While Trump’s speech stressed the importance of mental health and school safety improvements, The Associated Press noted that his latest budget request would slash Medicaid, a major source of federal funding for the treatment of mental health problems, as well as cut school safety programs by more than a third.
Just after taking office last year, Trump also signed a resolution blocking an Obama-era rule designed to keep guns out of the hands of certain mentally disabled people.
History provides excellent examples of chief executives uplifting the country when acts of violence or war slaughter their fellow countrymen. The most famous is Franklin D. Roosevelt telling a joint session of Congress, and the American people, “The only thing we have to fear, is fear itself,” on December 8, 1941.
“You have lost too much, but you have not lost everything,” President Bill Clinton told the people of Oklahoma City on April 23, 1995, after car bombing of a federal building. “And you have certainly not lost America, for we will stand with you for as many tomorrows as it takes.”
Following 9/11, President George W. Bush said “This is a day when all Americans from every walk of life unite in our resolve for justice and peace. America has stood down enemies before, and we will do so this time.”
At a memorial service in Tucson, Arizona on January 12, 2011, President Barack Obama honored one of the survivors, Congresswoman Gabby Giffords, and those who perished at the hands of a mass murderer.
“The loss of these wonderful people should make every one of us strive to be better,” he said. “To be better in our private lives, to be better friends and neighbors and co-workers and parents.”
On Thursday, Trump issued a proclamation honoring the victims of Parkland and ordering flags fly at half-staff.
“Our Nation grieves with those who have lost loved ones in the shooting at the Marjory Stoneman Douglas High School in Parkland, Florida,” the proclamation read.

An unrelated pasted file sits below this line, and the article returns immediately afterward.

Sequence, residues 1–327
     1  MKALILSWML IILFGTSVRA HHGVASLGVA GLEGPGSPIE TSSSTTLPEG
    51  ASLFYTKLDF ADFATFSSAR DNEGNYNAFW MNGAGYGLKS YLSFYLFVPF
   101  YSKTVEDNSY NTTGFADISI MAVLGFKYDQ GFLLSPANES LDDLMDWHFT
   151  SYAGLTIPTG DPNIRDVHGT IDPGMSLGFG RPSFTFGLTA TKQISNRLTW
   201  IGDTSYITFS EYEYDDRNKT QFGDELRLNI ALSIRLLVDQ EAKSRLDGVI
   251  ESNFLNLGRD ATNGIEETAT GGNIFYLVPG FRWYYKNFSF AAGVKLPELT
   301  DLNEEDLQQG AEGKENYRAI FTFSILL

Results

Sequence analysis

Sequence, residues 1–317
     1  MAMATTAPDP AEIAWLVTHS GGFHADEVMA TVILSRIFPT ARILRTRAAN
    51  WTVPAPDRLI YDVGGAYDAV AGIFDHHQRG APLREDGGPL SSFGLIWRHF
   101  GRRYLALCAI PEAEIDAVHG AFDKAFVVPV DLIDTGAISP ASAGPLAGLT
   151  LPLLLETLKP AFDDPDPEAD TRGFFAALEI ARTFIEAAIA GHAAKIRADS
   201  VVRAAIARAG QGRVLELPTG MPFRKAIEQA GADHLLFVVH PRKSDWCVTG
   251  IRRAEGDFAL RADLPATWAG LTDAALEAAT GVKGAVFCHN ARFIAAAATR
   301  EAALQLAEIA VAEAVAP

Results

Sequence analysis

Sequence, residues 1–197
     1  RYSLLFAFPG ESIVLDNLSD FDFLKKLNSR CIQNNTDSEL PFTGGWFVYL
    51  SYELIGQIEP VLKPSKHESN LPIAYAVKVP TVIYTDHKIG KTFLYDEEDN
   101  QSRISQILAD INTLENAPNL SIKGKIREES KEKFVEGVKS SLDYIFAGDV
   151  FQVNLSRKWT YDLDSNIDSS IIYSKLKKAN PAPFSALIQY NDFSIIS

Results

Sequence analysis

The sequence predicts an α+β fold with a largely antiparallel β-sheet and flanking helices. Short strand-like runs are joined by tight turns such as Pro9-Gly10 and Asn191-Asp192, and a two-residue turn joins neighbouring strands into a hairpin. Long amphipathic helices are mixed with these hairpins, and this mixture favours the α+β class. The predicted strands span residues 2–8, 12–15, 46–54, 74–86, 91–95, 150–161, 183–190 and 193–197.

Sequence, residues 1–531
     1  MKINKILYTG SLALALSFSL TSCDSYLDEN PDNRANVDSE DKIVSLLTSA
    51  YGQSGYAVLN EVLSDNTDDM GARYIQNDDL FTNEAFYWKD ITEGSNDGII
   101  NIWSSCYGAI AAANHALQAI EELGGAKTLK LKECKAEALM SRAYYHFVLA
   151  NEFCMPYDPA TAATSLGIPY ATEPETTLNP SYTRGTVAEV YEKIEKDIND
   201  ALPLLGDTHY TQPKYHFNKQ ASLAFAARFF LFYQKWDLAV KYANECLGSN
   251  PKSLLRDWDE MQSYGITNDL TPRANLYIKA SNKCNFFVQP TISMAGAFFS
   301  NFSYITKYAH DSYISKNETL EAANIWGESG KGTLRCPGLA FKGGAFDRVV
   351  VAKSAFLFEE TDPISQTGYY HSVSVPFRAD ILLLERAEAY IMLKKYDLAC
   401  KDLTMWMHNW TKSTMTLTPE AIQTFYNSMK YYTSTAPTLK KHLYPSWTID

He also sent out a tweet Thursday saying “In times of tragedy, the bonds that sustain us are those of family, faith, community and country.”
In times of tragedy, the bonds that sustain us are those of family, faith, community, and country. These bonds are stronger than the forces of hatred and evil – and these bonds grow even stronger in the hours of our greatest need. https://t.co/bu140nscezpic.twitter.com/OoTXMCSexB
Nelson all-in on gun control; Rubio leaves door cracked to prevent massacres
Florida’s senators offered competing messages following Wednesday’s tragedy at in Parkland. No one would be surprised with either response.
Three-term Democratic Sen. Bill Nelson is singularly focused on what is needed to help eliminate gun violence in this country. On Thursday he took to the Senate floor to demand action on banning certain weapons.
Many Republicans will often say that the immediate aftermath of a shooting is not the time to talk about gun control. They will call for figuring out what happened before deciding upon a course of action.
“To those who say now that it’s not the time to talk about gun violence because it’s too soon, we don’t want to politicize right after a tragedy, that’s what is said over and over,” Nelson said. “Then I would ask when the time is?”
Nelson was specific about what he wants to ban. The shooter used an AR 15, semi-automatic rifle.
“Let’s talk about that 19-year-old carrying an AR-15,” Nelson said, referring to the Parkland shooter, Nikolas Cruz. “Let’s do what needs to be done and let’s get these assault weapons off our streets.”
Republican Sen. Marco Rubio also took to the Senate floor. He said that it is very difficult to stop someone “who decides that they’re going to take it upon themselves to kill people,”
Rubio also discussed “red flags” left by Cruz via social media. Included was a YouTube video where he revealed his desire to be “a professional school shooter.”
While recommitting to the Second Amendment, Rubio also reminded that the preamble to the Constitution calls for ensuring domestic tranquility and general welfare.
“I’m not saying don’t focus on the gun part,” Rubio said. “But we also have to focus on the violence part.”
Lawson proposes enhanced security to prevent gun violence
The Democrat from Tallahassee released a sympathetic statement regarding the school shooting in Parkland. He is urging heightened security measures to improve the safety of schools nationwide.
“Our children go to school to learn, but are now faced with this reoccurring epidemic,” he said in a statement released on Wednesday night. “It is unfortunate we are at this place again, and these senseless tragedies are happening far too often.
Lawson admonished his colleagues to do more to ensure schools are better protected.
“Gun violence should not be tolerated, and our government has to do its part by providing resources and proper security measures to ensure the safety of our children,” he said.
Orlando delegation members share grief with South Florida colleagues
Orlando Democrats Darren Soto and Val Demings both released statements regarding the school shooting in Parkland. Both know something about mass murders as they represented constituents killed in the Pulse Nightclub shooting on June 12, 2016.